The first problem is of how to create the input image. The input image is a normal 2D picture which the program is going to convert into a 3D stereogram. The solution is very simple - different colours in the input picture can represent different depths in the output stereogram. So, for example, if you had a sixteen colour picture, you could decide that colour index 15 represented the nearest parts of the image and that colour index 0 represented the farthest away parts. You could then draw your picture with this in mind. If you wanted, you could set up the palette in your drawing program so that colour 0 was black, colour 15 white, and the remaining colours the intermediate shades of grey. This would make it easier to draw the input picture but would have no effect on the output picture - stereograms are perceived entirely by varying depths. So, you've drawn your picture. Now comes the hard part...
Your program is going to work on one row of pixels at a time, since the way you see stereograms means that each row of pixels is effectively a stereogram on its own - the rest of the picture doesn't need to be taken into account when creating one row. Effectively, each pixel is treated as we treated one 'star' in the earlier examples. The program gets the pixel's colour, and uses it to work out how far away the 'matching' pixel must be (i.e. the other star) to make it look that depth. (If you're not following this, think back to the star examples. The distance between a pair of stars affects how deep the 'ghost' seems. The same goes for pixels.)
A simple way to calculate this distance is as follows. Choose an arbitrary maximum distance - for example, 100 pixels. Now, subtract the colour index of the pixel whose depth you're finding. So, a colour 15 pixel would have a partner 85 pixels away. This would make it seem nearer than a colour 0 pixel, whose partner would be 100 pixels away.
So the process for each pixel in the row, working left to right, is as follows:
Get colour index of pixel.
Based on this, work out how far to the left its partner should be.
If its partner would be off the left edge of the screen, set this pixel to a random colour.
If not, set this pixel so that its colour matches that of its partner.
Notice that step 3 effectively sets up your basic pattern of randomly coloured pixels on the left hand side, as the left-most few pixels are bound to have partners who should be off the screen. If you want to be clever about things, you could map a picture containing your own pattern into this space.
That's it! Just repeat until the whole row is done, and then move down to the next row.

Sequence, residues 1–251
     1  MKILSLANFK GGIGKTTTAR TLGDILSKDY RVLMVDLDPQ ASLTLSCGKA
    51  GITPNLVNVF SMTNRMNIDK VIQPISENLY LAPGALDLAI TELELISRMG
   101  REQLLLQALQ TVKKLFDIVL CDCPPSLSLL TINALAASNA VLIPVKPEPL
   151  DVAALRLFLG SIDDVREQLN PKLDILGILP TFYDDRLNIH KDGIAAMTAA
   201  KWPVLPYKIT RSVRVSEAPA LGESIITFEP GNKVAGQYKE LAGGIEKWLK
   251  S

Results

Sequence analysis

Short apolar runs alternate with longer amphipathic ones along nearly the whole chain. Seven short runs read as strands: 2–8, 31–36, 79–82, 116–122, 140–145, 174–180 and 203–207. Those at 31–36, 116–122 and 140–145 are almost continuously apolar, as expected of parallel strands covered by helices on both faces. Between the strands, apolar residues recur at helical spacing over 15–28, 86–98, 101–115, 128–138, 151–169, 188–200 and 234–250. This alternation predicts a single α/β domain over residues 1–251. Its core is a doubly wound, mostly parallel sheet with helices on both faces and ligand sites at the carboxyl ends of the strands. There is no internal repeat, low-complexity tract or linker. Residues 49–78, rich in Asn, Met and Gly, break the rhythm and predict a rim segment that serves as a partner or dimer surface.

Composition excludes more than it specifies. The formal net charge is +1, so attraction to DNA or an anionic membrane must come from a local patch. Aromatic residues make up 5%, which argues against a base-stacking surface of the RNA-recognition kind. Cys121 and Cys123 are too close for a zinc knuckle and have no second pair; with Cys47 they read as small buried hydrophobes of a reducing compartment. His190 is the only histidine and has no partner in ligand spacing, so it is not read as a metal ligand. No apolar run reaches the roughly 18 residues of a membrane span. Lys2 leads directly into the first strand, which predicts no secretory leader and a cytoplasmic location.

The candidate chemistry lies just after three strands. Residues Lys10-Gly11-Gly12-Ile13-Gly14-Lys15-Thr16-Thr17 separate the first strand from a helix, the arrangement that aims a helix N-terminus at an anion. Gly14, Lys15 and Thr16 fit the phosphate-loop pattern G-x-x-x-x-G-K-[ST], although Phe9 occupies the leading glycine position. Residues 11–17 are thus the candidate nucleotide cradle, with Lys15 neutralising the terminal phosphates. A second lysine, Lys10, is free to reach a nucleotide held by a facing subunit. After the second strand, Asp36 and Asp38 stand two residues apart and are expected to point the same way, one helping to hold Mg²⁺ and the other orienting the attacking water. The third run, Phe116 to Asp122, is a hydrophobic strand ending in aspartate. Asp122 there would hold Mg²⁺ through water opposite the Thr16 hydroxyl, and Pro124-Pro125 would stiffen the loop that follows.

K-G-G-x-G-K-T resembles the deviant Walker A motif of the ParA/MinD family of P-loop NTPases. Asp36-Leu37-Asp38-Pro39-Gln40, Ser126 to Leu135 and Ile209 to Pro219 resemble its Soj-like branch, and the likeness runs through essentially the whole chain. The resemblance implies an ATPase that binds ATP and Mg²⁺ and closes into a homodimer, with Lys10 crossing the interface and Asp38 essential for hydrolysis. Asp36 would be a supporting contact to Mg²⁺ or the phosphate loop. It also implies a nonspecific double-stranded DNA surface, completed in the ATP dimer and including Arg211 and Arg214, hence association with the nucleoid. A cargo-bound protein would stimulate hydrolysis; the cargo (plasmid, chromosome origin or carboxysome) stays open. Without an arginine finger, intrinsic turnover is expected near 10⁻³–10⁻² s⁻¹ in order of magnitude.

If you were working with an 800 by 600 picture, using colours 0-15 to represent far and near, the following BASIC program should produce the desired effect. The program uses these commands –
- PLOT (X,Y,C) to set pixel (X,Y) to colour C
- POINT(X,Y) to return the colour index value of the pixel at (X,Y)
- RND(15) to return a random value between 0 and 15
Co-ordinates (0,0) are at the top left-hand corner of the screen. The 'maximum distance' (described earlier) is 100.
FOR Y=0 TO 599
FOR X=0 TO 799
IF X-DISTANCE < 0 THEN PLOT(X,Y,RND(15))
IF X-DISTANCE => 0 THEN PLOT(X,Y,POINT(X-DISTANCE,Y))
In practice, you'll probably need some kind of scaling function. You're aiming for the final maximum distance and minimum distance to be around about one or two inches in the final display medium, since that's the kind of distance that people can comfortably focus on. (At the height of the stereogram craze, a British Sunday newspaper once proudly included some 'magic eye pictures', but blew them up so large that it was impossible for anyone to diverge their eyes far enough to see them.)
So, the maximum and minimum distance values are very important to get right, and 'right' is different depending on the output resolution. You could also vary the number of colours in the input picture, and thus the range of depths available. More depths will make a better looking stereogram.
Finally, a tip for creating your input pictures - smooth depth changes work much better than huge jumps of depth. Putting a very near object on top of a very far object may well result in a stereogram that is very difficult to 'view'. Also, occasionally you may put in a perfectly good image and get garbage out. That's just bad luck - this isn't an exact science, and some pictures just don't seem to work properly.